While you still see a lot of bubble screens in the NFL (though usually they are packaged with runs and only thrown when the numbers are clearly in the offense’s favor), the jet sweep is currently on the endangered species list. There are a couple of problems with the jet sweep, but the biggest is that it really is its own animal.

When coaches install it, they say the blocking is just like outside zone. So you block it like outside zone and the play stinks because the whole point of the play is completely different from outside zone. On the zone stretch, the goal is to get the defense moving horizontally and cut it back inside against the flow of the play. On the jet sweep, the goal is to get outside as fast as humanly possible. So the playside tackle or tight end has to block it kind of like outside zone, but not really. That is not a good coaching point.

The other issue with the jet sweep is, because of where the ball carrier gets the ball (right behind the QB), you can’t really pull anyone. So you have to get a straight hook block on the edge defender, which is really difficult to do in the NFL.

Teams still want to get the ball outside to their best open-space players, but they have to find new ways to do it. Again, we go to the Packers and Randall Cobb for an example.


The Packers lined up Cobb at running back in a shotgun formation. Before the picture, the Packers motioned the TE across the formation. By doing this, they ensured that the TE has an angle to down block the defensive end and seal him inside. This blocking scheme actually is just like a pin and pull version of outside zone. There aren’t any tweaks you have to make because of who is getting the ball, so the line has had a ton of reps blocking this exact scheme, just for a different ball carrier.


On the play, the o-line blocked it perfectly and once again Cobb was left one-on-one with a full head of steam against a safety, this time Chicago’s Chris Conte. Unlike Adrian Wilson, Conte starts to break down for the tackle early. Look at how low Conte sinks his hips to center himself before making the tackle. He put himself in great position to make the play.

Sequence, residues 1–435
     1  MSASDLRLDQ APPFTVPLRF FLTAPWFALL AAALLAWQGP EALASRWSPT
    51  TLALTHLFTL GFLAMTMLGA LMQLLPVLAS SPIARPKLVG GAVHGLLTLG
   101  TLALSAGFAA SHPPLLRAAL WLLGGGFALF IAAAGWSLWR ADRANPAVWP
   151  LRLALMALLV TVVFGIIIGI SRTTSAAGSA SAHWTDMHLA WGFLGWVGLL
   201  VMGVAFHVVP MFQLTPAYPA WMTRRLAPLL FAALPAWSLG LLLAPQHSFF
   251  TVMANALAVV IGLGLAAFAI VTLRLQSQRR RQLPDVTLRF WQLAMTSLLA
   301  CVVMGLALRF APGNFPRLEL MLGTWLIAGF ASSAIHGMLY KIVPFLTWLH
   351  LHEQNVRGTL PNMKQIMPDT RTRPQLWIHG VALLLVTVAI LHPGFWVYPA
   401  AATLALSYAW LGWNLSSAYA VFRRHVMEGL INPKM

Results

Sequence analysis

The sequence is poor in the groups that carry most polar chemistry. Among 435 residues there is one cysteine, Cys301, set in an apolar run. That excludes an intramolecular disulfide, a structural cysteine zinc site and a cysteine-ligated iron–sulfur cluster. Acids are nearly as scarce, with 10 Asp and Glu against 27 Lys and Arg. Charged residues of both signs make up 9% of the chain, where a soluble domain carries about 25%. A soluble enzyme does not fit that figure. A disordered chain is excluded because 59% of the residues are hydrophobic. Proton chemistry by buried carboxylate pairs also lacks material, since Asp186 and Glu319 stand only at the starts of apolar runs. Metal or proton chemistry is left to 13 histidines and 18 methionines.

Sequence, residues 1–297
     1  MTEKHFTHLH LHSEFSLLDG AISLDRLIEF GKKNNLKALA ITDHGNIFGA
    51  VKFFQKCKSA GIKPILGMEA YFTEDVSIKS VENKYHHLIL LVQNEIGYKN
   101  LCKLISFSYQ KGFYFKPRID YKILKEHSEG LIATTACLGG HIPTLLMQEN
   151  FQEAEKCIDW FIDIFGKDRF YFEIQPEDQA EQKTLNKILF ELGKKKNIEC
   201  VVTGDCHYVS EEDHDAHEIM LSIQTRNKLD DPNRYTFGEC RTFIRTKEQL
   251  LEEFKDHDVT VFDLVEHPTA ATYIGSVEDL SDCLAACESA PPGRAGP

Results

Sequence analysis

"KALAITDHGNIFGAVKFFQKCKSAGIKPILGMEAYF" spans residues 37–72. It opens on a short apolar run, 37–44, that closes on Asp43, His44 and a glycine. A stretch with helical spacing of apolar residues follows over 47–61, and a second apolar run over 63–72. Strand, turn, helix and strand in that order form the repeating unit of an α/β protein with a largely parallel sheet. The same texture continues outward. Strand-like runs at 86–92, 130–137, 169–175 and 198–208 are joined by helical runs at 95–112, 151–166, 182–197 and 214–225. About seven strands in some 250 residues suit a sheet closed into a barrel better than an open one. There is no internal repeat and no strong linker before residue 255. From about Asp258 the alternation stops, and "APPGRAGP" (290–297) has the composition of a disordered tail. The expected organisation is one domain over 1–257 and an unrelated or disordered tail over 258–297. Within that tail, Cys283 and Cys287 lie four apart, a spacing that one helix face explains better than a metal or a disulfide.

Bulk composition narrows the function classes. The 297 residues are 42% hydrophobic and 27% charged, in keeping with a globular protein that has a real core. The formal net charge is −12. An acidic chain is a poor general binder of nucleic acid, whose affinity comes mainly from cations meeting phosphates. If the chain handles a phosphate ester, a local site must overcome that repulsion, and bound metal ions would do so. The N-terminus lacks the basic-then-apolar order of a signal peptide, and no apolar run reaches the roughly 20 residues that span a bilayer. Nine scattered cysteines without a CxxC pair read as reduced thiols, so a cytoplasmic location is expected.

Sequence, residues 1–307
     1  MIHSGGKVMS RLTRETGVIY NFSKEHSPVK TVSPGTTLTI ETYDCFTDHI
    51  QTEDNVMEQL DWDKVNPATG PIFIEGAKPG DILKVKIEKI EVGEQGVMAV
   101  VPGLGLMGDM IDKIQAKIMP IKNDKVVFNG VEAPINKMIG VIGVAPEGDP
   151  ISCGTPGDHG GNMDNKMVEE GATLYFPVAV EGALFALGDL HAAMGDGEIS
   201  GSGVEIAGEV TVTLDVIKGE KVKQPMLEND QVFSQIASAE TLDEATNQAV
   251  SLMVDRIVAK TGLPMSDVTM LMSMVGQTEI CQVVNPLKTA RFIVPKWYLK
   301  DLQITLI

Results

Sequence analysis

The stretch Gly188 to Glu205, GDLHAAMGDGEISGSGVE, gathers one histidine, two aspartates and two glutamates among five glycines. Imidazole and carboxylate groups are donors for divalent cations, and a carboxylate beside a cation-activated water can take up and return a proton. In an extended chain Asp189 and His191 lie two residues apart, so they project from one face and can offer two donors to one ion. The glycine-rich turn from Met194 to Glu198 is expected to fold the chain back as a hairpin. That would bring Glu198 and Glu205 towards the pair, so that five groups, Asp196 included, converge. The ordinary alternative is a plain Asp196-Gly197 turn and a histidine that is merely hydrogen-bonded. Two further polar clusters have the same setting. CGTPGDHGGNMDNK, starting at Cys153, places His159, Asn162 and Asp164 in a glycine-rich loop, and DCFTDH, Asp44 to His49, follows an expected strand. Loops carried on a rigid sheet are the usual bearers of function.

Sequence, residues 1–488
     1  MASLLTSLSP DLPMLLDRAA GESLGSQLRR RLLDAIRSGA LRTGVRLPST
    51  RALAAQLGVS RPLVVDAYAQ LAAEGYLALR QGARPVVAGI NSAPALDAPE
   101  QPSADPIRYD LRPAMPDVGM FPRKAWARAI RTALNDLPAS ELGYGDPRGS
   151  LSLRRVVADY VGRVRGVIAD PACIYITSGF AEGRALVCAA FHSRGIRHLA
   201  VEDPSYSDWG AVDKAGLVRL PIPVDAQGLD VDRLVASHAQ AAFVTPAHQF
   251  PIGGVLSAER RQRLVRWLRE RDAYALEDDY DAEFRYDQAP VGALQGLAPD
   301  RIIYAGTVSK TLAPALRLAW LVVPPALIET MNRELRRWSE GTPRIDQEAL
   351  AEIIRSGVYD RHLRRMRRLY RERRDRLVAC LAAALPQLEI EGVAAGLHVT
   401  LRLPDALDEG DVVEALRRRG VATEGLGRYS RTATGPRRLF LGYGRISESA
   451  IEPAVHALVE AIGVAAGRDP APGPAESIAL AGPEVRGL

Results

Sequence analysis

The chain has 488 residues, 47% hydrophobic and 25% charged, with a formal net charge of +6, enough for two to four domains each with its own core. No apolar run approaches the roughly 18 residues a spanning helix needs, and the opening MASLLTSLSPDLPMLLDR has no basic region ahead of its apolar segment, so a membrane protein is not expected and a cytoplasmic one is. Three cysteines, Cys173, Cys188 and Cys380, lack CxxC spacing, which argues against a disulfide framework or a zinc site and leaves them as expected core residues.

Crap. And this is why you get a little creative to get guys like Cobb touches when you can. The key word there was a "little" creative. If you get the urge to create a new formation solely to get one guy more involved, you are probably doing it wrong. Conte didn’t do anything technically wrong here -- he just got out-athleted by the best athlete on the field at that moment. You put your best players in space to make plays and they’ll come through more often than not. Here the Packers just subbed Cobb in at a new position and ran a base play from their running game that happened to fit what Cobb does well. Simple.

That’s something the Vikings did with Percy Harvin more and more once Brad Childress left. Sometimes it’s as simple as lining Harvin up at halfback and just running outside zone, which is something the Rams should definitely try with Austin this year. Other times it’s narrowing Harvin’s alignment in the slot so you can run the bootleg action with him instead of your backup tight end.


Here, Harvin is lined up in a hipped position, meaning he’s just off the hip of the end man on the LOS (I’m convinced if a football coach discovered milk it would be call "boob juice"). The alignment is pretty standard in the NFL, particularly with the Vikings, who run a ton of zone slice schemes.

The zone slice is a zone play where a hipped player (typically a fullback or tight end) comes across the formation and trap blocks the edge defender to create as wide of a cutback lane as possible. On top of being an incredibly effective running scheme, it also sets up really well for bootlegs since the slice blocker can slip into the flat unnoticed after coming across the formation. That’s what the Vikings are hoping for here and why Percy Harvin is the slice "blocker" instead of your typical big skill guy.


One downside of using Harvin as the guy coming across the formation is that defenses go out of their way to make sure they notice him. Here the Cardinals have their best corner, Patrick Peterson, on him man-to-man. Peterson does a nice job of recognizing the play, but he still has a lot of trash to wade through to get to Harvin, including Kyle Rudolph setting a pick before breaking into his corner route.


By the time Harvin catches the ball though, Peterson has made his way through everything and is in position to make a play. He just has to make an open field tackle.


At this point in the article I hope you saw that coming. But really, this play more than the others shows how the point of acquiring these playmakers or weapons like Harvin and Cobb isn’t so you can do crazy new things that you couldn’t before. Where they help you is by making the stuff you already do more effective. This is as basic as a passing play gets in the NFL. The Cardinals had a great defensive call on to stop it, too. They blitzed towards the naked side to force a quick throw and had their best defender in a position on Christian Ponder’s primary target. But Percy Harvin is much tougher to tackle than your typical backup tight end (picture someone like James Casey, who ran this route roughly 150 times for the Texans last year) and as a result scores a touchdown.

If the Rams want to get the most out of their first pick, Brian Schottenheimer’s going to have to find out the best way for Tavon Austin to fit into the offense, not the craziest way to fit the offense around Tavon Austin.